Why I will not take part in a South African 'SlutWalk'
The global 'SlutWalk' campaign doesn't work as well in South Africa due to the country's more conservative values and high rape rates, writes guest blogger Zama Ndlovu.
Johannesburg, South Africa — No one could argue that sexual harassment and sexual violence are not serious problems in South Africa. But a campaign called SlutWalk – created in that most liberal of Western countries, Canada, and soon to be copied in Cape Town and Johannesburg this week – is not the right tool to solve the problem.
Encouraging women to dress up in their most revealing clothes in order to challenge the notion that provocatively-dressed women are "asking for it," is only likely to make the problem worse in a country like South Africa.
I followed her conversation with a few people on Twitter on Sunday and already expected an understandably defensive argument. I did not, however, expect her to equate disagreement with “a stranger groping my breasts in a club, because I was wearing a low-cut dress on my 30th birthday; a man pinching my bum at the airport because I was wearing a tight outfit, even though I was seven months pregnant at the time; men catcalling at me while I stood on the street corner — in my school uniform — waiting for my lift to school.”
Like many people in this country, I am fully aware of the rape epidemic in our country. When I was a young prepubescent girl living in Mamelodi, a neighbor was arrested and charged with raping his five-year-old daughter, and managed to get bail. While in university, a friend asked a group of our close friends, “who here has been raped or physically assaulted?” The number was higher than the national average. One of my best friends in university was gang-raped during a hijacking when she was 18, and these are all just a few more dramatic examples.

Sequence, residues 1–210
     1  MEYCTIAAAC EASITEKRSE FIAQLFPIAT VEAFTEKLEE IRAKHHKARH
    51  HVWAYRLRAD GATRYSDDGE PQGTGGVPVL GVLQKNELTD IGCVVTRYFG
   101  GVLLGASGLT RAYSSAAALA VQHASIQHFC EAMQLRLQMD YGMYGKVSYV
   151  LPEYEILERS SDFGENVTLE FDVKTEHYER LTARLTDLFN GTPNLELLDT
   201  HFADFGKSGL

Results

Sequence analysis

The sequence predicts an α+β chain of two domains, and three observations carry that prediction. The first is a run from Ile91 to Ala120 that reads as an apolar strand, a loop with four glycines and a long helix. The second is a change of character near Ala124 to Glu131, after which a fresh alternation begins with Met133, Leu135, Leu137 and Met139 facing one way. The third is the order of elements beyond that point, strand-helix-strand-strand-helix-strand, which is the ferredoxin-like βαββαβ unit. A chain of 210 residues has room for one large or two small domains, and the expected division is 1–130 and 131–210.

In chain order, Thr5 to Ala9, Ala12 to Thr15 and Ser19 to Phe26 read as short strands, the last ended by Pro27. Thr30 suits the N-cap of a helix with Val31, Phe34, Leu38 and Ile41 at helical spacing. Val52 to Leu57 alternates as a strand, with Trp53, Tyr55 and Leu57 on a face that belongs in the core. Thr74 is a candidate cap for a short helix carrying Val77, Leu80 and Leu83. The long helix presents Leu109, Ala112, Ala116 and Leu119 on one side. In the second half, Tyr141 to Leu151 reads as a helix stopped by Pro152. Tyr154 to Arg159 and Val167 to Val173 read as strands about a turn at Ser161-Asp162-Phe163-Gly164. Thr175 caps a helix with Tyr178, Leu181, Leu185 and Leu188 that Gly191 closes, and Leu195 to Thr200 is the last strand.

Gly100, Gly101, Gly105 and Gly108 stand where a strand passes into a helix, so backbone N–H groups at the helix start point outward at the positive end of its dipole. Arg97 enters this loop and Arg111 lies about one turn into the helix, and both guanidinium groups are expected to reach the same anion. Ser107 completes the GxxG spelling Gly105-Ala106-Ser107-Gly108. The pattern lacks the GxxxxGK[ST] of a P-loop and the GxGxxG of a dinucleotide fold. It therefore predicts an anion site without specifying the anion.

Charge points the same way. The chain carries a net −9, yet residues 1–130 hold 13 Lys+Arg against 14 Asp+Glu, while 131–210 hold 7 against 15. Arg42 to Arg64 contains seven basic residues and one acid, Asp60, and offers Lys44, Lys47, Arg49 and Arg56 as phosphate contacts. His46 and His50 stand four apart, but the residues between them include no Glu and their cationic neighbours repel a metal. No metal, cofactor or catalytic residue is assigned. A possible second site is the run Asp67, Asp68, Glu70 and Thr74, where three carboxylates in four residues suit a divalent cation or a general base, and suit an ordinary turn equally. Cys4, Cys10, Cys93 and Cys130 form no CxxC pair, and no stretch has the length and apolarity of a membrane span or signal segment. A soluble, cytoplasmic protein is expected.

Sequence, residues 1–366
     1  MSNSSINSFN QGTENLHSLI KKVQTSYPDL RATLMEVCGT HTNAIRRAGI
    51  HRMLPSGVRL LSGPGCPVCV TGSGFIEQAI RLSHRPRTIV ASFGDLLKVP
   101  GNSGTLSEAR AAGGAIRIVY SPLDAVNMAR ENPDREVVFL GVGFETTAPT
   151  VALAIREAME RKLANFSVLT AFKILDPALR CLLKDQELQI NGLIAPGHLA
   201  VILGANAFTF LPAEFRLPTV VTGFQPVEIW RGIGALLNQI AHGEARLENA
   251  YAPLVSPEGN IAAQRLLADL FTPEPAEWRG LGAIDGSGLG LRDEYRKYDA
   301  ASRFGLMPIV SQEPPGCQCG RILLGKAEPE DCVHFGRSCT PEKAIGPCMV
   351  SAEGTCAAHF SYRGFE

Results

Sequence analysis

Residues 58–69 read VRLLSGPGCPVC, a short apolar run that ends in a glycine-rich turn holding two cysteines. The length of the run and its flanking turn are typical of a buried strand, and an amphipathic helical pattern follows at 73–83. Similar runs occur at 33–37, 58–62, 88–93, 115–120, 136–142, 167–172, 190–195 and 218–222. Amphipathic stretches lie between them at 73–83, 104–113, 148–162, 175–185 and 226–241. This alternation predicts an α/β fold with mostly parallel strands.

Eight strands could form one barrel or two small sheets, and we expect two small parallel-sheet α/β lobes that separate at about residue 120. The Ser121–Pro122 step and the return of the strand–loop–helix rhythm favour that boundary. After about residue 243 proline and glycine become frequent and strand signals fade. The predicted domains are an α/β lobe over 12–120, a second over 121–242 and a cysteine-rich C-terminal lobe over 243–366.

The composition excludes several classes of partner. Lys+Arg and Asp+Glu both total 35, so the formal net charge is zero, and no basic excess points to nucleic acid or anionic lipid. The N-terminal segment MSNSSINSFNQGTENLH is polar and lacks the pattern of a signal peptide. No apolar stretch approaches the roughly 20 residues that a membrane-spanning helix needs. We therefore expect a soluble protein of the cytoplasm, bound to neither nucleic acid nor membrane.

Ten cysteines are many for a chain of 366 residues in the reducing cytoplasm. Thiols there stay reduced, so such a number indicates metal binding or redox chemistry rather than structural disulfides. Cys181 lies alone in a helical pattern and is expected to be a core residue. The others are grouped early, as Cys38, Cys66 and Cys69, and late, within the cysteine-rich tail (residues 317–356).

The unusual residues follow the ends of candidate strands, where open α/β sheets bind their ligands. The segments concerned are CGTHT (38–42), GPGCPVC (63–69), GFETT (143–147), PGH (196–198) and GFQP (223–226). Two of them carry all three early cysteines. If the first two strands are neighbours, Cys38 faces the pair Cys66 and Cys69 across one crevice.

I also have war stories, but I do not need to share them to own my right not to walk under that banner.
Rape is a violent crime of control, a crime of power, not sex. The word “slut” on the other hand, is all about sexual behavior, and therefore to me, the “SlutWalk” campaign sexualizes a crime that isn’t about sex, when what is required is the exact opposite.
The victim’s attire has nothing to do with the crime itself. When a man (or woman) decides to rape, it has nothing to do with the victim and everything to do with the rapist. Rapist blame the victim, citing the victim’s dress or actions as the reason for their behavior, only to ensure the victim does not speak up. For this reason I don’t believe such a campaign will deter rapists, it just deters potential supporters.
I agree that it is very critical that we address the prejudice faced by victims from the police, public service health workers and our courts. But I do not agree that I must dress as a “slut” to do this. Just the idea that “sluts” dress a certain way, perpetuates the very stereotypes that the campaign is fighting against.
I used to wear short dresses and shorts, but I did not view myself as dressing like a slut. Labeling myself as such would be a personal contradiction. Traditional Zulu outfits don’t leave much to the imagination and yet wearing them does not render me a slut, nor protect me from possible abuse.